Although no serious temperature increases were encountered, this phenomenon continued to be seen up to the first desiccant change, and has not been seen since.

    Another Exxon plant had experience with regeneration of driers on its ethane cracking plant using a similar highhydrogen tail gas containing up to 10% ethylene, without such a temperature rise. These observations also fit the rust-catalyzed ethylene hydrogenation hypothesis, and no other explanation for the phenomenon could be found. These factors lent support to the hypothesis around the methanator exchanger incident.


    A short laboratory program was arranged to test the rust catalyst hypothesis. A novel laboratory approach to identifying the temperature at which an exothermic reaction initiates, using a Differential Scanning Calorimeter (DSC), was chosen for this work.

    All experiments were run at atmospheric pressure in the DSC. The following potential catalysts were tested in the DSC: commercial nickel hydrogenation/methanation catalyst, reagent grade ferro-ferric (iron) oxide (Fe3O4), fine rust scraped from the inside of stored carbon steel pipes and vessels, and 3A molecular sieve desiccant.

    The nickel oxide catalyst and the iron oxide and rust samples were reduced in the DSC with hydrogen. The nickel catalyst reduced over the temperature range 294330 C., while the reagent grade iron oxide reduced over the range 330-425 C. in the DSC test.

    The DSC scan of the rust sample under hydrogen atmosphere showed that at least partial reduction occurred over a temperature range similar to that of the reagent grade iron oxide.

    Tests were run in the DSC on the reduced-rust sample to determine its activity as both a methanation catalyst (CO and hydrogen were passed over the catalyst) and as an ethylene hydrogenation catalyst (ethylene and hydrogen were passed over the catalyst) at 350 C., and as an ethylene hydrogenation catalyst at temperatures down to 100 C.

    Strong exotherms were detected for both reactions at 350 C. This indicates that, at this temperature, both reactions proceed rapidly over the reduced-rust catalyst. A strong ethylene hydrogenation exotherm was also found over the reduced-rust catalyst at 200 C., and a mild exotherm at 150 C.

    But none was found at 100 C., indicating that exothermic hydrogenation initiates over the reduced-rust sample tested at between 100 and 150 C. at atmospheric pressure.

    The CO/hydrogen mixture and the ethylene/hydrogen mixture were also tested in the DSC over 3A molecular sieve desiccant, at temperatures from 100 to 350 C. As expected, no evidence of exothermic reaction was detected in these tests.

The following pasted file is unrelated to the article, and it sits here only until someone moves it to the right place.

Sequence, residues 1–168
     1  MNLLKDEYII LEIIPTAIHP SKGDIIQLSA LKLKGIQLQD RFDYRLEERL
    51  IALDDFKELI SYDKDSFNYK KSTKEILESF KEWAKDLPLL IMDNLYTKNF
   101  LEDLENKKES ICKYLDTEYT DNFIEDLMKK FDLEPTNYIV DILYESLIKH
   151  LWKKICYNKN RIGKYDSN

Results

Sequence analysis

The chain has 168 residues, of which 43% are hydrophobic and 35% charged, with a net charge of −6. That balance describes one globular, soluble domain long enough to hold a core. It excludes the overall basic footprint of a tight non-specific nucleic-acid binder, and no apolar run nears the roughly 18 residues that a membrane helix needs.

Unexplained endotherms were detected at 100 C. in the tests with both ethylene and hydrogen over reduced rust and over molecular sieve. This may have been caused by some idiosyncracy of the experimental procedure (e.g., evaporation of water). No follow-up work is planned to explain this reaction.

    The laboratory program confirms that reduced rust can act as a catalyst in the hydrogenation of ethylene. The lowest hydrogenation reaction initiation temperature found (100-150 C.) is more-or-less consistent with the location of the methanator feed/effluent exchanger failure.

    The highest possible temperature reached in the exchanger without chemical reaction is the maximum heating medium temperature of about 250 C. The actual temperature at which the reaction initiated was probably closer to the feed inlet temperature of 5 C. than to the effluent inlet temperature of 250 C. The laboratory program found the minimum temperature for initiation of a rapid rust reduction at atmospheric pressure to be about 330 C. Exxon does not believe such a temperature was reached in the exchanger or the driers prior to experiencing ethylene hydrogenation. However, the lab experiment was of short duration.

    Over the course of the several days prior to the ethylene carryover incident, the methanator facilities had been operating under hydrogen atmosphere at 32 bars pressure. It is believed that enough reduction had taken place at the normal operating conditions of the exchanger to render the rust at least somewhat catalytic. Once the hydrogenation reaction began, further reduction could proceed rapidly.

    The lab tests also help explain the hydrogenation of ethylene in the drier regeneration gas at temperatures below 230 C. The lab tests show that over clean 3A sieve, no ethylene hydrogenation occurred at temperatures up to 350 C. However, the work suggests that if the sieves are contaminated with rust, ethylene hydrogenation can proceed at a much lower temperature.


    The incidents reported here indicate that an accumulation of rust in new equipment is capable of catalyzing ethylene hydrogenation, and possibly other exothermic hydrogenations. These rust-catalyzed exothermic reactions have the potential to result in high-temperature excursions at locations in the process not anticipated in the design.

    Although Exxon has not heard of a similar incident in any other ethylene plant, the possibility of rust-catalyzed reactions should be considered in the design and startup preparations of any process, such as the ethylene process, where the potential exists for commingling reactants that can hydrogenate exothermically.